Second, the indivisible asset rule prevents a loss deduction when the nature of the purchased asset is such that individual accounts cannot be accurately valued. A taxpayer must be able to establish reasonably accurately a basis in the particular account on which the loss is claimed. Segregating out the goodwill is only the first step. The taxpayer must then prove the portion of the total purchase price allocable to the particular account lost. The cost of a particular account is a function of the flow of future income to be expected at the time of purchase because of the size of the sales to a particular account, discounted by the risk of discontinuance or nonpayment of that particular account existing at the time of purchase a risk peculiar to each account depending on the nature of the customer and his future plans and prospects. Application of the indivisible asset rule reflects the fact that, when a relatively fungible mass of accounts is purchased, the taxpayer cannot determine the value of each account and establish a basis in it, but rather determines the value of the whole using some rule of thumb technique which discounts the income to be expected from the whole by the risk of discontinuance experience has indicated inheres in the mass as a whole (thereby averaging out the unique and indeterminable risks of each account).4
However, when a taxpayer is able both to segregate the goodwill from the other elements of value, and accurately to establish the cost of a particular account lost, a deduction will be allowed, as in Commissioner v. Seaboard Finance Corp., 367 F.2d 646 (9th Cir. 1966). There, the Tax Court had held that 30 per cent of the purchase price of a mass of loan accounts was attributable to goodwill, and 70 per cent to other elements of value. The Commissioner did not challenge that finding of fact.5 Given that failure, and the fact that each contract was individually valued when purchased,6 we held the indivisible asset rule inapplicable. Taxpayer, here, contends it comes within the so-called "individual valuation" exception to the indivisible asset rule.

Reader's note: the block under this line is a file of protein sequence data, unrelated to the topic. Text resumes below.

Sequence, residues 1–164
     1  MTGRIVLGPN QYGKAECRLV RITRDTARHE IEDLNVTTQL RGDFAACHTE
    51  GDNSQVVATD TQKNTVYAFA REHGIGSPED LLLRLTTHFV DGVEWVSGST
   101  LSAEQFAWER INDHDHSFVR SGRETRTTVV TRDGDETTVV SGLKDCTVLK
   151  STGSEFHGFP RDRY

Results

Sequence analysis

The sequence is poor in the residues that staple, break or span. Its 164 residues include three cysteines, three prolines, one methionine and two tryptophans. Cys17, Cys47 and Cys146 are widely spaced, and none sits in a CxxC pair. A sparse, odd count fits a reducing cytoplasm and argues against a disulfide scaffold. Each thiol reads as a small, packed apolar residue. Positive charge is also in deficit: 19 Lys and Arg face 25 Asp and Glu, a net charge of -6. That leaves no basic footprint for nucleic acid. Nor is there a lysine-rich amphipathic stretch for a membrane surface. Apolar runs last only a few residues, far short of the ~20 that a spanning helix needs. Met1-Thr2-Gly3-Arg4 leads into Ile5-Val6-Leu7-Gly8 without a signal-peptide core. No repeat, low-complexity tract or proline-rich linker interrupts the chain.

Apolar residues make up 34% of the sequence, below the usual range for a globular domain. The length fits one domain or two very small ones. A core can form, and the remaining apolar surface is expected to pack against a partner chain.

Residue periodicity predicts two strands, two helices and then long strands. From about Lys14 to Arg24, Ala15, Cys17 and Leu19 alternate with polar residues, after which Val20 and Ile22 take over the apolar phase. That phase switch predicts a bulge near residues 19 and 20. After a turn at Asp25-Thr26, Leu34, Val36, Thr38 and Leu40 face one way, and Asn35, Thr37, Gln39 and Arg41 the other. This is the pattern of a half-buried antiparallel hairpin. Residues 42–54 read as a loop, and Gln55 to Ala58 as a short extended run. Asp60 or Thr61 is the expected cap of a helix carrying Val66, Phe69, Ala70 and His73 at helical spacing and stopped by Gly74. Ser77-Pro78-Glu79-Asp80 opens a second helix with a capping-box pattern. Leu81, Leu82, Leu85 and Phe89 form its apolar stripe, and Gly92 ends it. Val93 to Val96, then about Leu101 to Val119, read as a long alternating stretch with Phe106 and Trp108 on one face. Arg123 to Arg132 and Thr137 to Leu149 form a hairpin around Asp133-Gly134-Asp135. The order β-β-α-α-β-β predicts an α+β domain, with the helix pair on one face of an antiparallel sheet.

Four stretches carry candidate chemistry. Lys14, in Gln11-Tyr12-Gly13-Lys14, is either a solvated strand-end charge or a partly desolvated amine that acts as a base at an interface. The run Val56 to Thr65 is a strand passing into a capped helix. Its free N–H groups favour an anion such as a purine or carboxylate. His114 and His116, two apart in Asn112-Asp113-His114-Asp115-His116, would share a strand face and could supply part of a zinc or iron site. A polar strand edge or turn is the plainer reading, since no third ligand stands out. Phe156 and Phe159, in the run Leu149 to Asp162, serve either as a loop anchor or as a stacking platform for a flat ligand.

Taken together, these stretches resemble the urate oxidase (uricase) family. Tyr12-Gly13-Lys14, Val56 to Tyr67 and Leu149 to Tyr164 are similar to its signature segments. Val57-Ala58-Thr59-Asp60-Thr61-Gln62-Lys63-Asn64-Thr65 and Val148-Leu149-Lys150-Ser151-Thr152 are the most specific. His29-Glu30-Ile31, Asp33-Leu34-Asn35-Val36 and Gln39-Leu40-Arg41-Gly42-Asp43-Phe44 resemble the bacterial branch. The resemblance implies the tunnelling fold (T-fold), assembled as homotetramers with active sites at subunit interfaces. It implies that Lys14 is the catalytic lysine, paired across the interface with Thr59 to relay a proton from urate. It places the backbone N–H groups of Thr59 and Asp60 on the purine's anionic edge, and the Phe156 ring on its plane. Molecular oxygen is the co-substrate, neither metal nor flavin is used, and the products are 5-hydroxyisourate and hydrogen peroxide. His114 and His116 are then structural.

The district court so found. It had no problem in segregating the goodwill inhering in the indivisible mass from the value of the individual accounts, because it found that Taxpayer received no goodwill or "ongoing business" value when it purchased the list of customers. The court also found that Taxpayer and Dwyer had individually priced each customer on the list, and thus that Taxpayer had adequately established the cost of the particular customers lost. We have serious reservations about the court's first finding.7 However, we are clear that the latter finding, that the accounts were "individually valued" within the meaning of Seaboard Finance, is clearly erroneous and requires reversal.
That finding rests on the recitation in the option agreement that the price of each customer on the list is equal to the product obtained by multiplying the gallonage purchased by that account by 4 cents, the sum of all the products constituting the aggregate price of the list. That recitation is somewhat ambiguous and misleading (and reveals the hand of the tax planner rather than the economic realities of the purchase). It may be read to state either that the parties actually negotiated with respect to each account, or that they agreed on the price of the mass and allocated such portion of the total price to each account after the fact. It is of course irrelevant, the distributive principle tells us, whether Taxpayer and Dwyer multiplied 4 cents by the gallonage account by account and then summed the products, or added up the gallonage first and multiplied by 4 cents. The agreed purchase price of the whole would in either case be the same; in the former, the fiction that a purchase price had been set for each account would be preserved.
Despite findings to the contrary by the district court, it strongly appears from the record that the parties engaged in the latter process. The option agreement itself does not break down the total price of the list into the prices of individual accounts; it recites the total gallonage of the customer list. The option makes no provision for adjustment of the purchase price in the event that some of the accounts discontinued during the option period. Taxpayer's president testified that losses would presumably be offset by new customers, strongly indicating that total gallonage was negotiated for, and that Taxpayer was indifferent to the identity of the individual accounts.